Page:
- The most detailed map level available are the USGS 7.5' quadrangles. This is both good, and bad. Good, as the USGS basemaps are familiar. Bad, because many of them haven't been updated (the paper versions) in literally decades. Bad, too, because if you need to get more detail, it's not available. The program has the ability to magnify the area up to 400%. This does not really show additional details, however, but simply magnifies what is already there.
- 3D capabilities don't seem to work on my PC. This may not be the program's fault, however, and trying to figure out what is wrong is on the list of "things to do" for the next report.
- Figure out why I can't use the 3D features on my PC
- Find and test areas that I have NOT previously been to, so that I do not have any biases in regards to the accuracy of the terrain depicted.
- Export data to my PDA via the Pocket TOPO! program.
- And finally, while this is outside of the "WeekendExplorer" portion of the program, I plan to use the software to plan our trip to Sequoia in early August.
Stay tuned for the Long Term Report, due August 28th, 2007!
Thank you to BackpackGear Test and National Geographic for the opportunity to test the National Geographic WeekendExplorer 3D!
"Geologists are Scouts who hated to give up camping when they went to college, so they majored in geology." Ellen Sue Blakey
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[Non-text portions of this message have been removed]
- Sorry. Wrong tinyURL. Correct one is http://tinyurl.com/2hcnc8
I need to go to sleep now!
- EDIT: National Geographic Weekend Explorer FR Sonjia Leyva
Good looking report Sonjia. I have just a few edits for you.
Your daughter is a cutey. She looks really happy to be out hiking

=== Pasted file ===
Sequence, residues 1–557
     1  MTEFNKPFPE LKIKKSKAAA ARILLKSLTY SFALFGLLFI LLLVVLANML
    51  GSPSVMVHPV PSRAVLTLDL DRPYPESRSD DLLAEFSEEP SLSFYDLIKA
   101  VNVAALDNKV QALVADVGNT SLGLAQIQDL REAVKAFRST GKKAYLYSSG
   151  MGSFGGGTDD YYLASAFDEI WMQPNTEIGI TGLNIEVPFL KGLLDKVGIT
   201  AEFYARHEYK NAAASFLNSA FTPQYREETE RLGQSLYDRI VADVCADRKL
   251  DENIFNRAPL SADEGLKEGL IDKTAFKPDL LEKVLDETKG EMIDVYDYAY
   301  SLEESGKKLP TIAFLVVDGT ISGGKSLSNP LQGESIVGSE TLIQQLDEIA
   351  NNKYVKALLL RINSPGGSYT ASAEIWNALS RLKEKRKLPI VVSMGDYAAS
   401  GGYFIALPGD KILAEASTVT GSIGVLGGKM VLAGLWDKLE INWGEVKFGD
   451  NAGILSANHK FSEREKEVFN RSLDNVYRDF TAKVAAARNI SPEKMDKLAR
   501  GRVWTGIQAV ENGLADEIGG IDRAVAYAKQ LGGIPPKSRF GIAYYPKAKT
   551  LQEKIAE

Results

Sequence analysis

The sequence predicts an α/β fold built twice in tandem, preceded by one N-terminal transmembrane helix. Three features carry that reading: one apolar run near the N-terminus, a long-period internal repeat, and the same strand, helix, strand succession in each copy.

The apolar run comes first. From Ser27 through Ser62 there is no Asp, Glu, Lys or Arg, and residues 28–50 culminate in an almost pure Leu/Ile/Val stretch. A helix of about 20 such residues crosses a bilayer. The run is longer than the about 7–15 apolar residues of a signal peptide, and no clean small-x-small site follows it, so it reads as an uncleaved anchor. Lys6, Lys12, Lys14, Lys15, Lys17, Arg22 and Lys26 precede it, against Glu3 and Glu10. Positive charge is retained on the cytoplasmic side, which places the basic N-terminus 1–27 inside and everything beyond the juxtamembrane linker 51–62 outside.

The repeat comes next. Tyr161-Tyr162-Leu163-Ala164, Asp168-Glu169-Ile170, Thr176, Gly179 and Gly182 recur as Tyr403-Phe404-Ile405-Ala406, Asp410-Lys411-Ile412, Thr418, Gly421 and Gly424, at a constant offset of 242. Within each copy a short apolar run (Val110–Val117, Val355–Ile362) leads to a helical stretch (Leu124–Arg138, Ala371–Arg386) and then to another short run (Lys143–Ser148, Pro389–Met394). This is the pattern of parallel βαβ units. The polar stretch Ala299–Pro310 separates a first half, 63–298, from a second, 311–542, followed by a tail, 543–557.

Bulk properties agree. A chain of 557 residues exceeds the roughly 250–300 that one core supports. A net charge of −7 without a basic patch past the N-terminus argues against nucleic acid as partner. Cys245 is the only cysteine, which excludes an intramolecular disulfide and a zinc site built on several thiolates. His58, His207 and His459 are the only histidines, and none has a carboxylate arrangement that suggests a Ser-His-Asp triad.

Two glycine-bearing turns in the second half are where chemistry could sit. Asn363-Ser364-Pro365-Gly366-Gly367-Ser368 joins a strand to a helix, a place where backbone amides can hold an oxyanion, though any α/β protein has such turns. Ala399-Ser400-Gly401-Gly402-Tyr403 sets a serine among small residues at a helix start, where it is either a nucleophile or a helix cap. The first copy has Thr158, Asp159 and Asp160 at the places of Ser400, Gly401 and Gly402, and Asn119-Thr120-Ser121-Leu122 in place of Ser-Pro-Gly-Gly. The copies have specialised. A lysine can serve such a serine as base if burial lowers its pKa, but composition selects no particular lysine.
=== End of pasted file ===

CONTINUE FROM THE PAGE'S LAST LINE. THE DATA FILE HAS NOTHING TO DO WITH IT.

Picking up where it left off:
I navigated my way on the level 1 reference map (the default when the
program opens) to the Sequoia area, insterted the appropriate CD into
my CD ROM drive, and tried to access the level 5, 7.5' map
series just as I did in the TOPO! version 3.4.2.
### EDIT: spelling of *inserted*
To the left is a photos of the wave cut terraces and tide pools at
Cabrillo Beach taken roughly at waypoint WPT029 on the map above
(Santa Catalina Island is visible on the horizon on left side of the
### EDIT: is a *photo* of the wave
### Comment: This isn't totally clear from the way you wrote the
report, but it sounds as if you compared the route at Cabrillo Beach
to past hikes, and did not hike it after making the map? If so, this
only leaves one actual use of the software for the "field". It
sounds like you had some circumstances beyond your control (illness
and maybe a busier time than usual at work). Hopefully you will be
able to get in at least 4 more days hiking in the LTR phase, using
maps made with the software.
The profile and 3D rendering looked pretty much as I expected -
fairly gentle in
the beginning, and getting steeper as you entered the mountains.
### EDIT: Not as I enter the falls, I've never been there. (Gentle
reminder not to use the word "you".)
Still, we headed off with Ben carried by Robert in Julia's old Yakima
Grasshopper Child Carrier (BGT test)
### EDIT: Sonjia, a new policy started several months ago not to
link to other reports we have done, so please remove the link and
reference to it being a BackpackGearTest test.
While Robert and Ben had to turn back what is called the halfway
point (thus named because we
were halfway to the falls in terms of time; trail wise it is actually
roughly three quarters of the way to the falls) as Ben's right leg
was rubbed raw by the Grasshopper.
### EDIT: had to turn back *at* what is called
Author and daughter, Julia (5 years old) at Eaton Falls. I'm wearing
Women's Sun Hat (BGT test) and MountainSmith Relay Daypack (BGT
test). Julia is
wearing Mochila, her Dora the Explorer backpack.
### EDIT: again, remove the links and references to the other
tests. I'd recommend leaving the references to clothing and packs
out totally, as it really has nothing to do with the current test.
Bad, too, because if you need to get more detail, it's not available.
### EDIT: reword to avoid using "you".
Thanks. We like Julia, too. She had a blast on that hike and can't
wait to go to Sequoia in August.
I made all of the necessary changes. I did hike the Cabrillo beach
area and rewrote that section to make the point more clear. I also
included how many days I went out as I realized that wasn't clear,
I made some changes to the report other than the ones you requested.
I will repost the new report in a bit. Thanks! Too much to do all at
one time does not make for quality work, I'm afraid. Thank goodness
for summers off!